California quail

California quail at Aurancia Park.

If you have ever heard a bird making a high-pitched short whistle in the brush in our local parks, like Aurantia Park in Highland, chances are you are hearing our state bird calling to one another. The California quail is the state of bird for the Golden State.

Having adapted to suburban development, the quail forage and carry on in our parks and ranch areas, walking on the ground looking for food, with their heads jutting to the front.

However, they will flush, quickly fly away in a burst of speed, when they feel a sense of danger. When they do, their quick flight can startle anyone nearby.

The California quail are typically found in oak woodlands, foothills and chaparral, thick brush.

They are easily identifiable by their signature dark comma-shaped plume, feather, on the top of their heads.

The male California quail have more pronounced colors. They have a gray arch that rests over golden-colored, scaled feathers in the front. The males also have a black mask outlined in white.

The females’ colors are more muted than the males. This allows them to hide in the foliage with their young if a predator is in the area.

The California quail is an adaptable bird. You might see them in your backyard delighting on the fallen seed from bird feeders in the morning or the evening.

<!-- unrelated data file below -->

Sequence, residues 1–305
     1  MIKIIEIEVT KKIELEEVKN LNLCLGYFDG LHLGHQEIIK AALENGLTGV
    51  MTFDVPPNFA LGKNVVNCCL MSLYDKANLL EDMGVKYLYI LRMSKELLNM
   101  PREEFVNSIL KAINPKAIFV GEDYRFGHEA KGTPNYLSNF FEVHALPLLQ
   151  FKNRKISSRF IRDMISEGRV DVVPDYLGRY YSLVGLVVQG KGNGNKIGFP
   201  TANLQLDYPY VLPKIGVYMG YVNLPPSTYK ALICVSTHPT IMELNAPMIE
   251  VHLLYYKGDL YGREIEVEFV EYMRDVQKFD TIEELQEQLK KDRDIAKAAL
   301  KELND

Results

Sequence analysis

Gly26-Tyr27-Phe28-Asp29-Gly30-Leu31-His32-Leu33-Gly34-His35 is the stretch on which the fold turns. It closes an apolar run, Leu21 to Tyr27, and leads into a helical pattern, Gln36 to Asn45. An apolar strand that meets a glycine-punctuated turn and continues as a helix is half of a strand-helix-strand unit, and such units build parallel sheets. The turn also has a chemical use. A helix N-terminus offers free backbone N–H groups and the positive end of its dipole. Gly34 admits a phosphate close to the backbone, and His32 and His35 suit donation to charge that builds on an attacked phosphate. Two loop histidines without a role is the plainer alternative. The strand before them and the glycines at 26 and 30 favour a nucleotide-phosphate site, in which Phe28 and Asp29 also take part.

If you are out hiking, you might see them in the late afternoon as well.

In the wild, the quail scratch along the surface of the soil or dead leaves, as they look for food, like broken seeds or nuts and other grains from plants.

Quail also eat insects, leaves and berries.

A group of quail is called a covey.

The male usually stands as a lookout, while the rest of the covey feed.

If he senses anything, he quickly calls and the quail seek shelter. They will either run into a thicket or they will flush with lightning speed for a short distance to evade danger.

So, the next time you hike in the nature areas of Highland or Wildwood Canyon Park in Yucaipa, keep an ear out for a sharp-toned, short whistle in the brush, it may very well be a California quail.

You might even get the chance to see them walk across the trail.

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